- The Washington Times - Sunday, January 29, 2006

Attending a government-funded marriage-strengthening program in Baltimore has led to some “nice candlelit dinners” with her fiance, Nakia Staton said at a Capitol Hill forum.

It’s also been helpful to learn “how to calm myself down” and turn toward each other, not away from each other in times of stress, she said as Terry Brown, the father of her young children, watched with a smile.

“And you learned how not to clock him with a frying pan,” joked Joe Jones, president of the Center for Fathers, Families and Workforce Development (CFWD).

The couple and the audience laughed at this and other comments about love and marriage at Friday’s forum, which was sponsored by the Brookings Institution, CFWD and the Oklahoma Marriage Initiative (OMI).

Pro-marriage programs such as OMI and CFWD may soon be getting a major boost from the federal government. This week, the House is expected to consider a deficit-reduction bill that would reauthorize welfare reform and create a $150-million-a-year healthy-marriage grant program.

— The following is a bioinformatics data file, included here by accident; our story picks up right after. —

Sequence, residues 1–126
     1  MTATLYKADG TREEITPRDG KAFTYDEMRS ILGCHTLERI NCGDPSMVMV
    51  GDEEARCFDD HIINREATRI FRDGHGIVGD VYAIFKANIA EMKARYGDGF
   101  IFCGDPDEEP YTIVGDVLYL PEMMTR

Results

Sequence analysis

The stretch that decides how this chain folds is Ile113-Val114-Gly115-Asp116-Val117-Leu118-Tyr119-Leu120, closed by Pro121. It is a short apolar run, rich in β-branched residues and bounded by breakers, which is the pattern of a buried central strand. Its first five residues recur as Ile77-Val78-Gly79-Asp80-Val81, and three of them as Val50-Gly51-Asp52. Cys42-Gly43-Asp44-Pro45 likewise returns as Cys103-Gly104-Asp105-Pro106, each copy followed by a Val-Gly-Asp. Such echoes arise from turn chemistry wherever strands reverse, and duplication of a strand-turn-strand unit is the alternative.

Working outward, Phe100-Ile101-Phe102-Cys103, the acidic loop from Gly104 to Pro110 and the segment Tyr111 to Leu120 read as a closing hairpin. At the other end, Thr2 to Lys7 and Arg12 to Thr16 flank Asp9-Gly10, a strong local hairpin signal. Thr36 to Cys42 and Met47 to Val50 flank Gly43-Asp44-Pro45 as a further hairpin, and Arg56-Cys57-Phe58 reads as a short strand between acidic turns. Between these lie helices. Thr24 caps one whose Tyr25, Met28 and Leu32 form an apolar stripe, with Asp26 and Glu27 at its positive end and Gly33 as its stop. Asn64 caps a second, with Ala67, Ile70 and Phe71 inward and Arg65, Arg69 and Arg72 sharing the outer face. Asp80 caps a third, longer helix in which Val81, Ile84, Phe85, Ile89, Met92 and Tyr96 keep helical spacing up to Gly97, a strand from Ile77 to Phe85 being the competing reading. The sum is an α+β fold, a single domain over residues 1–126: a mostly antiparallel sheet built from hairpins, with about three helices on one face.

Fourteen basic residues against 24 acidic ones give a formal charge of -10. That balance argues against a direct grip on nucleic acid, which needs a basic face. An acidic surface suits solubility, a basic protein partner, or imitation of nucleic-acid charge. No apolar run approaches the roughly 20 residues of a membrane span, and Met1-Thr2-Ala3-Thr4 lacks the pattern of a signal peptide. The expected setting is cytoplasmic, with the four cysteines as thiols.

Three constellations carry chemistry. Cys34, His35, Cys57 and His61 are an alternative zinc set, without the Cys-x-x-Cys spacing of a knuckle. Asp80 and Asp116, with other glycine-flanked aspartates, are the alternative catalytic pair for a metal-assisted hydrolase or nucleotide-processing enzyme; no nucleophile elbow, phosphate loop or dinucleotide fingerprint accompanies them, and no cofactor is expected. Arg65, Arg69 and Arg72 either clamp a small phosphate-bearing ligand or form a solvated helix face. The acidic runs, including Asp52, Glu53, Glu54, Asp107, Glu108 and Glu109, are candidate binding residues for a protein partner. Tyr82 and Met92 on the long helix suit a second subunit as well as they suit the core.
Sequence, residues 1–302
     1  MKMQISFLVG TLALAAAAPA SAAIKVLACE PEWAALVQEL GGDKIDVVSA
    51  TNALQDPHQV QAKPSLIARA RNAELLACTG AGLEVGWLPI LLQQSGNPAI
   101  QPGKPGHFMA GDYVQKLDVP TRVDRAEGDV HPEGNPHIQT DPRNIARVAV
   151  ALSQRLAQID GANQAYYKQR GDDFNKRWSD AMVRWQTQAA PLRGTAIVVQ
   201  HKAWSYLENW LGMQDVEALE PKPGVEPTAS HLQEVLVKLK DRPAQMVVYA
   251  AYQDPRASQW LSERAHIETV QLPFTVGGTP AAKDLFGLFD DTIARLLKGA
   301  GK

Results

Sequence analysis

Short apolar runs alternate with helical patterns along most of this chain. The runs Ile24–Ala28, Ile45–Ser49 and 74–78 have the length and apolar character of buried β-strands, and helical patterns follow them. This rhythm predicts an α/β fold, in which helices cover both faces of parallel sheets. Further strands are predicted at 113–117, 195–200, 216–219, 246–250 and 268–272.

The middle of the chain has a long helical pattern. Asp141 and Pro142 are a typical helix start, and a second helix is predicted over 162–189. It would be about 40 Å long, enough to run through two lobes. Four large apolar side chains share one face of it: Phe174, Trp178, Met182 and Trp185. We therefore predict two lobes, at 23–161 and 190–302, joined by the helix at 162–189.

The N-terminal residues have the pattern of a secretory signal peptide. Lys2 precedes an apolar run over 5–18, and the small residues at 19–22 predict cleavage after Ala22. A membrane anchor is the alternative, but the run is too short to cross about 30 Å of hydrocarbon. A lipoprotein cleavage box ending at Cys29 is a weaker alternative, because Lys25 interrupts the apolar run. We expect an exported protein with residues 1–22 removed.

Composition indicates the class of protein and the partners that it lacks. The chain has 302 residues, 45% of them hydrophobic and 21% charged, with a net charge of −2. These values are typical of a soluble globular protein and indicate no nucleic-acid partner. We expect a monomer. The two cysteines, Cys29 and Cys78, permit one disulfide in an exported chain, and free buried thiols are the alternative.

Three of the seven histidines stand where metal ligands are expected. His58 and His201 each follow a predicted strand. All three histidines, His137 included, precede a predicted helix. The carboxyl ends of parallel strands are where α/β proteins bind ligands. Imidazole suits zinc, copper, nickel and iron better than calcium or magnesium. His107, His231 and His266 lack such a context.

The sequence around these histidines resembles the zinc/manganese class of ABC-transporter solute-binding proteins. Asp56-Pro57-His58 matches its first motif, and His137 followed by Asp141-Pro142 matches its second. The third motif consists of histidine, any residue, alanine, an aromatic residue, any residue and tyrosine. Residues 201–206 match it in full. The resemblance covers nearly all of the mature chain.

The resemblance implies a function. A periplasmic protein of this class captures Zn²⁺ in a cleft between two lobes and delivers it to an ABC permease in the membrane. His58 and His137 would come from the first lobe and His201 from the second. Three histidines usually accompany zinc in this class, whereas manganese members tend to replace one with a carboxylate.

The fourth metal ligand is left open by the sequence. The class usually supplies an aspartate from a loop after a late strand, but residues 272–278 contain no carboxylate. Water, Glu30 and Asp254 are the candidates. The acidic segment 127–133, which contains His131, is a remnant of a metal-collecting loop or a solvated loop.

Up to $50 million of the annual funds can be used for “responsible fatherhood” programs and up to $2 million for child welfare, according to an analysis by the Center for Law and Social Policy (CLASP).

Unlike earlier welfare proposals, states will not be required to match federal marriage dollars with state funds.

However, state agencies and groups seeking federal marriage funds must describe how they will address issues of domestic violence as part of their application, CLASP said.

Questions arose at the forum about how the Oklahoma and Baltimore programs handle domestic violence. The answer, program leaders said, is to first talk to the man and woman separately and use screening tools to identify which problems they might have.

There is a big difference between “characterologically violent” people and people who get into situational violence, said Julie Gottman, co-founder of the Gottman Institute in Seattle and co-author of “Loving Couples, Loving Children” marriage-education curriculum.

Screening will identify sociopaths so they can be referred to programs that can help them, she said, adding that most women in domestic-violence shelters are seeking refuge from men who have deep-seated problems.

But, in general, she said, most people have a conscience and respond well to relationship-skills education.

“We learned how to settle our differences,” said Greg Mitchell, who just finished taking OMI’s 10 weeks of relationship-skills classes with his pregnant girlfriend, Tabitha Cates.

In the beginning, the speaker-listener communication technique seemed “really stupid,” Miss Cates said.

“But we made it work for us,” she said. “It’s helped a lot to be able to say what’s really on your mind.”

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